I would also guess that there is a long tail. A couple additional searches for "electrical engineer" in specific cities on indeed.com shows 562 results for Raleigh, NC; 244 for Salt Lake City, UT; 242 for Huntsville, AL; and 237 for Orlando, FL. I think there are a good number of jobs out there for electrical engineers, sometimes in unexpected places.
Charles J Gervasi says
I agree with Cherish on all points. There are definitely people here in Madison having a hard time finding engineers. Some jobs in a smaller town are under the radar and get filled through informal networks. You may have to wear more hats because a very specific type of job may not exist in a smaller area.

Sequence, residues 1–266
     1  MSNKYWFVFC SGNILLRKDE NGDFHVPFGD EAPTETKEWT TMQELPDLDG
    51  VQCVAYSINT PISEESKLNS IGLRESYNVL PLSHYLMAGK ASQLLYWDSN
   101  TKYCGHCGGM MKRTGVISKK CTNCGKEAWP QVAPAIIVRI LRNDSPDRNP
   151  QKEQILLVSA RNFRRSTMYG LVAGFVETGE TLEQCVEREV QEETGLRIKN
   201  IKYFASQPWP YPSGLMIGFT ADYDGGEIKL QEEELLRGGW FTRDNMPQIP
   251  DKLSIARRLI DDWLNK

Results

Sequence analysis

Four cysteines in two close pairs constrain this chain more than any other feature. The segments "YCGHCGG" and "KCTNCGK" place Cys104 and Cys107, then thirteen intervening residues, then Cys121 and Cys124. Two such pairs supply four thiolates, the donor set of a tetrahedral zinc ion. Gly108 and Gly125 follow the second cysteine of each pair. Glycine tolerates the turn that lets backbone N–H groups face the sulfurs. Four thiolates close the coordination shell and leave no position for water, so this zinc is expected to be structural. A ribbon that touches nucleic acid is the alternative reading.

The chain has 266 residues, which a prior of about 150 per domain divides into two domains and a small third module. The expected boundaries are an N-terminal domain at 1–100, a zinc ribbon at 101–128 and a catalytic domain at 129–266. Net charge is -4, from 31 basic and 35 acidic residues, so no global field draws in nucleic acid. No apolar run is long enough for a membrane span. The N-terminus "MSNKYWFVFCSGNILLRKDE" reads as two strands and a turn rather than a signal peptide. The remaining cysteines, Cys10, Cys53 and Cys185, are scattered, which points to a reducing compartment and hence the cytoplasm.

My family can't leave Madison if we wanted to because my wife's legal practice is established here. If you're in a business like law, in which most customers are local, the benefits to staying put outweigh all other considerations.
If a local network even _might_ be important to you, I would recommend finding a location where you would be interested in staying long-term.
I did a similar search for "electrical engineer" on Trovit and found 35,000+ job offers, if anyone is interested here is the URL with the job offers: http://jobs.trovit.com/jobs/electrical-engineer
Tsk tsk Chris for linking to a youtube video that violates FIFA copyrights (the video's been taken down).
Outside of the USA, Shanghai and Bangalore are hiring in boat loads. I've recently been contacted by headhunters hiring in Houston, San Diego (Qualcomm), and Portland/Seattle. I know that Analog Devices is up in Portland where the famous Barrie Gilbert of the Gilbert cell works. Locally in Ottawa, the high tech and political capital of Canada, TSMC was on a hiring binge recently. They're having trouble finding analog circuit designers.